Read more: http://world.time.com/2013/08/27/what-dna-testing-reveals-about-indias-caste-system/#ixzz2dQiYOQ2x

Thaipusam holiday in Kedah soon?

July 15th, 2013
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I know, got plenty of serious things to blog about….am still compiling materials. In the mean time, what PR govt failed to do in last 5 years may come back to haunt it. Newly elected BN govt is saying that wheels are set in motion to make Thaipusam a public holiday in Kedah. Not sure if its possible by 2014 (still got 7 months++). If it succeeds, then it will look bad on PR especially the PKR reps who were even EXCO in the state. If the promised Tamil schools are completed by next election and no other controversies, then can say the Indian votes in Kedah are secured for BN for GE14.

Let’s see how this progresses…(and back to more serious stuff like conversion and IPTA intakes — coming up soon)

 

 Kedah is likely to get a public holiday for the Hindu festival of Thaipusam, in keeping with an election promise of the Barisan Nasional.

The application for a Thaipusam public holiday is to be discussed at the weekly meeting of the state executive council on Wednesday, said State Religion, Indian and Siamese Community Affairs, Human Resources and Tourism Committee chairman Mohd Rawi Abd Hamid.

“I hope the outcome of the meeting will bring good news to Hindus in Kedah because the time has come for Thaipusam to be a state public holiday as Kedah has almost 20,000 Hindus,” he said after a visit to the site of the Sri Ramakrishna Organisation building in Alor Semadon, here, Sunday.

The Sri Ramakrishna Organisation was established to conduct free motivation, religious, computer and music classes for youngsters. The organisation has applied for RM40,000 from the state government to conduct these classes.

Meanwhile, Kedah MIC treasurer R. Muniandy said the application for a Thaipusam public holiday was submitted a long time ago.

In 2008, the Pakatan Rakyat promised to consider the matter if it won the election but the promise remained just that after the pact came to power in the state.

“We are thankful to the BN for having taken the initiative to grant the Thaipusam public holiday much-awaited by Hindus in Kedah,” he said. – Bernama

source: http://www.thestar.com.my/News/Nation/2013/07/14/Kedah-to-get-Thaipusam-holiday.aspx

Tamil schools not allowed to take holiday for Ponggal???

January 9th, 2013
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Another ridiculous move by the MOE if the news below is true. Previously, Tamil schools can take special holiday for Ponggal which falls in mid January.  And surely no one in the right mind will put a day before Thaipusam as replacement class! What in the world are these guys having for food? Is this only in Kedah or nationwide directive?

THE Indian community is unhappy over the Education Ministry’s decision not to allow Tamil schools to take a day off as a special holiday for the Ponggal festival which falls on Jan 14, reported Tamil Nesan.

It quoted Sungai Petani MIC division deputy chairman T.H. Subra as saying that education officers did not understand the significance of the festival.

He was also unhappy that Jan 26 had been marked as a school day to replace additional holidays given for the Chinese New Year celebration.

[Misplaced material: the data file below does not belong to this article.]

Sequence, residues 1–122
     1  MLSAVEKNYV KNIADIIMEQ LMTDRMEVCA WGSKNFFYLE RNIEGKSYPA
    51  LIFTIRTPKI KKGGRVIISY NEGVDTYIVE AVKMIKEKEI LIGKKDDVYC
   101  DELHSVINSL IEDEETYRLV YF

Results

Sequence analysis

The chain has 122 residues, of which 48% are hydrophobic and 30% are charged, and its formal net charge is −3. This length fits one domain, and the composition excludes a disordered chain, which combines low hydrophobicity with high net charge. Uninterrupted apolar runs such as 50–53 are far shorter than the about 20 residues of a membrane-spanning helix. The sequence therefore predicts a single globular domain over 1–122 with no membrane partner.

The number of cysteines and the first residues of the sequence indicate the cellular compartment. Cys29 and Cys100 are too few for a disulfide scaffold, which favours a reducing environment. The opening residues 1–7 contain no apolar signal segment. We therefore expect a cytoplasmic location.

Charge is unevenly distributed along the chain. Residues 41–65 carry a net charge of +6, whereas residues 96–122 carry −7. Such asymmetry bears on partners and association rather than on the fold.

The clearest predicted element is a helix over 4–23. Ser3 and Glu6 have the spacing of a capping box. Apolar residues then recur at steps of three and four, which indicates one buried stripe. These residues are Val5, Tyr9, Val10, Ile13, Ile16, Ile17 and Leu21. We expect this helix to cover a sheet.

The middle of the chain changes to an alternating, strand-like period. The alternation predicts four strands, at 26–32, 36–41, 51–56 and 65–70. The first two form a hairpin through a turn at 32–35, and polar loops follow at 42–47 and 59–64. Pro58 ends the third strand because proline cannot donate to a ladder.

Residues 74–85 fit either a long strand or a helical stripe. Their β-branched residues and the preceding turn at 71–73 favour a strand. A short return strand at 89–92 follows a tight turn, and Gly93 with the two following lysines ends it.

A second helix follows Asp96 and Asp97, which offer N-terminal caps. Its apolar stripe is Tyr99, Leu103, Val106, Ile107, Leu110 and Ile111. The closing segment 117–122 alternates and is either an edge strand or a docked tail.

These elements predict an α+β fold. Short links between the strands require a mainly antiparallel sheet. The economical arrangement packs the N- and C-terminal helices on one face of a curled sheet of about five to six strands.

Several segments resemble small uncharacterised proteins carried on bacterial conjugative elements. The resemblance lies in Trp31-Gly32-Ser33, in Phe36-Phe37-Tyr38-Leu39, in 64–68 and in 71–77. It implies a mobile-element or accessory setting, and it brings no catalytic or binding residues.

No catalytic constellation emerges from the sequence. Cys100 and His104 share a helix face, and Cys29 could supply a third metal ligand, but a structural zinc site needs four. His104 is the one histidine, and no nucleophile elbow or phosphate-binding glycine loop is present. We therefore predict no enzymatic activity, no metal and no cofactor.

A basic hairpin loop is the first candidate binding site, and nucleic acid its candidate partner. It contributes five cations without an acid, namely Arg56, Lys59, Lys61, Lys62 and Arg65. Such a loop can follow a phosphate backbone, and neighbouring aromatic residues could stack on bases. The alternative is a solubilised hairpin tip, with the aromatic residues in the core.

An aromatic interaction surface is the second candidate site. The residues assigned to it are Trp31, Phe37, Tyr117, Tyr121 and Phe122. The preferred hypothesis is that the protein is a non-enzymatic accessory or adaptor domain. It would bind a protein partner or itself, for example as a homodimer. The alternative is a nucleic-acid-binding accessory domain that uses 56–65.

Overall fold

“This is unsuitable as most Hindu children will be busy preparing for Thaipusam, which falls on Jan 27,” he said, adding that until last year, Tamil schools were given the flexibility to take three days off a year for religious festivals.

He urged education officers to be fair to all communities.

source: http://thestar.com.my/news/story.asp?file=/2013/1/9/nation/12549401&sec=nation

2013 Deepavali Date Confusion: 2 or 3 November?

January 8th, 2013
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There seems to be a confusion over Deepavali 2013 date. Do a search in Google and nearly every result show Deepavali is on 3rd November 2013 (Sunday), including our next door neighbor Singapore  (http://www.mom.gov.sg/employment-practices/employment-rights-conditions/leave-and-holiday/Pages/PublicHolidays2013.aspx).

Refer Wiki as well: http://en.wikipedia.org/wiki/Diwali

However the calendar released by Bahagian Kabinet of Prime Minister’s Department lists 2 November as Deepavali (link here: http://www.kabinet.gov.my/images/stories/kelepasanam/2013_merged.pdf)

2013 Public Holidays Malaysia

[click to see larger view]

I’ve just sent feedback to Bahagian Kabinet to ask them to check since Deepavali supposed to be on 3rd. Hope to get reply from them. As far as I know, the festival date is consulted with KL Mariamman Temple Devasthanam, so wonder how they ended up with different date than rest of the world

Deepavali being a religious festival, is calculated based on astronomy. If you check the Hindu panchangam, it falls on ammavasai (no moon day), which is on 3rd of November this year.

Hope things can be clarified immediately as this involves religious festival and public holiday, where people will make plans for celebration and travel. Especially when Deepavali falls on Sunday because Monday becomes public holiday! 🙂

Restrictions for Christians to visit Holy Land removed

December 19th, 2012
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I didn’t know that Malaysian Christians were subject to such stringent requirements in order to visit their holy land until the issue was highlighted early this year or so. Sounds like unfair or even religious discrimination to me.